Lingyun was wandering in the mountains and became lost in his walking. He rounded a bend and saw peach blossoms on the other side of the valley. This sight awakened him and he wrote this poem:
For thirty years I searched for a master swordsman. How many times did the leaves fall and the branches break into bud? But from the moment I saw the peach blossoms, I’ve had no doubts.
Centuries later the Japanese teacher Keizan responded with his own poem:
The village peach blossoms didn’t know their own crimson but still they freed Lingyun from all his doubts.
It seems like an early spring, if not in Boston at least here in Santa Rosa. The plums are in bloom. So, let's pull out a springtime koan. In this koan, Lingyun finds true intimacy with the peach blossoms across the valley.
In the spiritual search many of us are called what might be termed, "lifers." We are in it for the long haul, matters of spirit and meaning are at the very center of our lives. For me, this meant that I wanted to KNOW -- I wanted to fit in somehow, and sense that I was held withing love itself, that somehow things fell together. Sometimes this meant that I was ready to give myself to God, at other times it meant that, in protest (methinks that thou dost protest too much), I did not care one way or other. This spiritual journey means everything to a "lifer." Everything.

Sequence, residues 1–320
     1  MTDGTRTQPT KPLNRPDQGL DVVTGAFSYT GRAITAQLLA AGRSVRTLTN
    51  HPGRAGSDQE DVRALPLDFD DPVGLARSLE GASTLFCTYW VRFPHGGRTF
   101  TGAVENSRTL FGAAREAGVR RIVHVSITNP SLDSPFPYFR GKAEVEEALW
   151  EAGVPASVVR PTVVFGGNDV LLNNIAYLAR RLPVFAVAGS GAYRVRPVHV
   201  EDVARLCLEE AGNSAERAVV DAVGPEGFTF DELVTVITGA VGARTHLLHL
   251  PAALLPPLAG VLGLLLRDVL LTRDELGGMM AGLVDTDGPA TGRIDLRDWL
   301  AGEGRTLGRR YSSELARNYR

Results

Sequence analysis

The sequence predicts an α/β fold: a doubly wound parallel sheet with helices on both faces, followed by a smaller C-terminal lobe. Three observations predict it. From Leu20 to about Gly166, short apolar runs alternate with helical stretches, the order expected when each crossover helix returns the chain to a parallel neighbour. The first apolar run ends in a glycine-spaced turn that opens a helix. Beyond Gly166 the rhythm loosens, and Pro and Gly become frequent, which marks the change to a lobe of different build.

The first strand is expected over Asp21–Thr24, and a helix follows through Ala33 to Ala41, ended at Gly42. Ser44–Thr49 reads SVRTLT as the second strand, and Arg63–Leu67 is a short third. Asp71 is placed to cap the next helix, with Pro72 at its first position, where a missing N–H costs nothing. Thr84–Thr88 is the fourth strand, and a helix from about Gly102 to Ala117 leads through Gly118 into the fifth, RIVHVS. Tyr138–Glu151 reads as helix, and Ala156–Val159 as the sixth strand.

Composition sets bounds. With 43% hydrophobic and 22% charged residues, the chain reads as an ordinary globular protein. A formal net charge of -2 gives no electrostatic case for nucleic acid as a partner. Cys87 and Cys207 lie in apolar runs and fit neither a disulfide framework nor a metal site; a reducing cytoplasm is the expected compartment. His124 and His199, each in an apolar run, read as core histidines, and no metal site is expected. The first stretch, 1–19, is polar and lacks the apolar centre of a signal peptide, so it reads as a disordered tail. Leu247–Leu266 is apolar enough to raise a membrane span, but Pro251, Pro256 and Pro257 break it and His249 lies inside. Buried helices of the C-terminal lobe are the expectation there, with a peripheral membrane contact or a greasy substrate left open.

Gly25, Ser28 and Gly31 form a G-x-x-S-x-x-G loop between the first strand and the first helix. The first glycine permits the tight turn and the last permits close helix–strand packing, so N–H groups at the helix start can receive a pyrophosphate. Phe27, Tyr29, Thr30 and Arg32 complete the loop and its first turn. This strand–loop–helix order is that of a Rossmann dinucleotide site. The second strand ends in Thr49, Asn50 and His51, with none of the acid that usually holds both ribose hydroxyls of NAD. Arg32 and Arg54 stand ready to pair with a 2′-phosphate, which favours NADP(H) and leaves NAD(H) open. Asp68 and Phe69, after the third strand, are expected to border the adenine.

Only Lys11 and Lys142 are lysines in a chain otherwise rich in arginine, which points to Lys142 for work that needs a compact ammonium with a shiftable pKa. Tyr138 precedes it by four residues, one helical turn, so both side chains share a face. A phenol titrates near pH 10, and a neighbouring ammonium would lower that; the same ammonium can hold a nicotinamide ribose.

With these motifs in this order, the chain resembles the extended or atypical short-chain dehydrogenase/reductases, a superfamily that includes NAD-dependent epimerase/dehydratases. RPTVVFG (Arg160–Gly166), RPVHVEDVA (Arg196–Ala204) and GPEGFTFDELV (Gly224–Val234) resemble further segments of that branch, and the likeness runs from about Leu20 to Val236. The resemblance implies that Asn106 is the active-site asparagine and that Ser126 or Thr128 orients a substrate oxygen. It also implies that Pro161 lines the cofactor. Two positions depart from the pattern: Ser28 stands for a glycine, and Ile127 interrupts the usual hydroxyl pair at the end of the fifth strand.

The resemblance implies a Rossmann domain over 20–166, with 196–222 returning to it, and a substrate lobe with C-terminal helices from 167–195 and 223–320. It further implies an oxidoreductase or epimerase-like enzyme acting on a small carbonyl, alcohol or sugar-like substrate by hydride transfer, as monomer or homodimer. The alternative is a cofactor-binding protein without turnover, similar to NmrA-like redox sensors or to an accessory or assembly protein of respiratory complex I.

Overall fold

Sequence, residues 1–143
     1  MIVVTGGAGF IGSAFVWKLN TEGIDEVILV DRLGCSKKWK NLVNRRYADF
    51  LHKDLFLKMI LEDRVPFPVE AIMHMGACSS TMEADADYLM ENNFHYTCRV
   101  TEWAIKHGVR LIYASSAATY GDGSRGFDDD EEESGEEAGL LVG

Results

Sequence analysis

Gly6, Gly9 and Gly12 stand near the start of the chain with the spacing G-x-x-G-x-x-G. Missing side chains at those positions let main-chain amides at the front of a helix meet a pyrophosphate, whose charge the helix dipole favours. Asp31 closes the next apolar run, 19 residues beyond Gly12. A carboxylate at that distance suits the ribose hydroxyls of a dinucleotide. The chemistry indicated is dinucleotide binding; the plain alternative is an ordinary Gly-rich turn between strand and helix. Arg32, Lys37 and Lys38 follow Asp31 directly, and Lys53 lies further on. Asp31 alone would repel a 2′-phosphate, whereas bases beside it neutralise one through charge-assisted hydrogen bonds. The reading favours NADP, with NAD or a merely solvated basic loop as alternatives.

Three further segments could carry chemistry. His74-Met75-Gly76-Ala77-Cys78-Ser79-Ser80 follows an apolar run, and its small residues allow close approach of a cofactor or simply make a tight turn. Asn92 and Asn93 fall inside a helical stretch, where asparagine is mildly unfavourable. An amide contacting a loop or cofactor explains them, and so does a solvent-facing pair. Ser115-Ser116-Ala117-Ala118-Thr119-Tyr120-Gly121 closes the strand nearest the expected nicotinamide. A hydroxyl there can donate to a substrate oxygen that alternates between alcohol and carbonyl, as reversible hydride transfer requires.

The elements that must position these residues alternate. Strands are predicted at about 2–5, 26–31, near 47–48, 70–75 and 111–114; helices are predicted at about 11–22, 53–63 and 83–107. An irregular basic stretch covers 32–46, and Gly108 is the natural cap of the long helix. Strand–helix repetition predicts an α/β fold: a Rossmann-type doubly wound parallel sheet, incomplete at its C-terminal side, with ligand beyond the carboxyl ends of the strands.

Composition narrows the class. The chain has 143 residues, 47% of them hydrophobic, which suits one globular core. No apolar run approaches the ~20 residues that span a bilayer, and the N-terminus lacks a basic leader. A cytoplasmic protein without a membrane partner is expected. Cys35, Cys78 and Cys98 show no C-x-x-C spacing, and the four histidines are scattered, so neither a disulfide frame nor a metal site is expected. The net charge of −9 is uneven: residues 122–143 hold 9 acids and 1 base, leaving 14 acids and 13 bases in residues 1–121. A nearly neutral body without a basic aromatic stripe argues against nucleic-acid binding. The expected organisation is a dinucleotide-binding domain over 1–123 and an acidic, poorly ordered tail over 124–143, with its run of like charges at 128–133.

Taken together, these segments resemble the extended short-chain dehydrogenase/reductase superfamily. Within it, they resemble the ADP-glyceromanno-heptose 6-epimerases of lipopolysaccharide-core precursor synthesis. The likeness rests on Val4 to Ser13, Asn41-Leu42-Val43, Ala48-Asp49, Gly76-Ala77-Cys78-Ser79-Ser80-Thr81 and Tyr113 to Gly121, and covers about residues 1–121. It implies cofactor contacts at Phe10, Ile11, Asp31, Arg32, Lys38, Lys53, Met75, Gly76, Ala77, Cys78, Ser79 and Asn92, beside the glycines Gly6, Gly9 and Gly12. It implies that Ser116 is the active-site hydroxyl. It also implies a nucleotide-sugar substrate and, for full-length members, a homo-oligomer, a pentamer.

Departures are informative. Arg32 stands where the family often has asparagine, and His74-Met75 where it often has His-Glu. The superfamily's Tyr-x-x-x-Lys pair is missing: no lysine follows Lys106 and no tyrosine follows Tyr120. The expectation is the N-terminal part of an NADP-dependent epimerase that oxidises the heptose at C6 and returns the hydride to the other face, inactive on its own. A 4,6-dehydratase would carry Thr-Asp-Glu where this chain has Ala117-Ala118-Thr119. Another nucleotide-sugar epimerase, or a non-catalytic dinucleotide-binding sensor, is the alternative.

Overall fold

So, Lingyun. He searches for 30 years. He visits teachers, stays in hermitages, makes offerings, sits long hours in meditation. 30 years. Then one day he rounds a bend in the road and sees peach blossoms on the other side of the valley. The bottom fell out, he left himself, opening his heart, awakening him to the present moment. Peach Blossoms! He wonders at how this has happened every spring for those 30 years and he didn't see. In his poem, he declares, "From the moment I saw the peach blossoms, I've had no doubts."
Remarkable, reallty. No doubts. Not one? What must it be like to find oneself in this place of no doubts? Tomorrow evening let's meet there.